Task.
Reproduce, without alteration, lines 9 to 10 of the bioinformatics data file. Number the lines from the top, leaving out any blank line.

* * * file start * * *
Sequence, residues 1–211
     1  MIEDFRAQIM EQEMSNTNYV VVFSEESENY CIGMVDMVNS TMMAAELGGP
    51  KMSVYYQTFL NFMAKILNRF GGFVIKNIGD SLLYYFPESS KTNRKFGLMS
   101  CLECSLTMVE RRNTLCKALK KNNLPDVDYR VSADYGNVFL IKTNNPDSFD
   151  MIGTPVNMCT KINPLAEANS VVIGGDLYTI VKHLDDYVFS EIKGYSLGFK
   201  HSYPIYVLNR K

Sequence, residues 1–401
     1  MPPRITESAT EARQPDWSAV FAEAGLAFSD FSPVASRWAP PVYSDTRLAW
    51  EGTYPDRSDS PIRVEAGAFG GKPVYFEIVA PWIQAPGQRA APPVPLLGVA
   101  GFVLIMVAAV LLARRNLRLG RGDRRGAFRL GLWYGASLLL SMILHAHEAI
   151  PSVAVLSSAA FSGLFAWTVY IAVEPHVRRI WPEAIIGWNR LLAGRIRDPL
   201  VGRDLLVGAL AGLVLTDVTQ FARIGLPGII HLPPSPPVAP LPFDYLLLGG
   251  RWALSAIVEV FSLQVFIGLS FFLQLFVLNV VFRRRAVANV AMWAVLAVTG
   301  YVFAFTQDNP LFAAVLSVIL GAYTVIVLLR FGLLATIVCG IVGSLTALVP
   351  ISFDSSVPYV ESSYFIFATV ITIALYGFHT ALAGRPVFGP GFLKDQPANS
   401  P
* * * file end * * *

    51  EGTYPDRSDS PIRVEAGAFG GKPVYFEIVA PWIQAPGQRA APPVPLLGVA
   101  GFVLIMVAAV LLARRNLRLG RGDRRGAFRL GLWYGASLLL SMILHAHEAI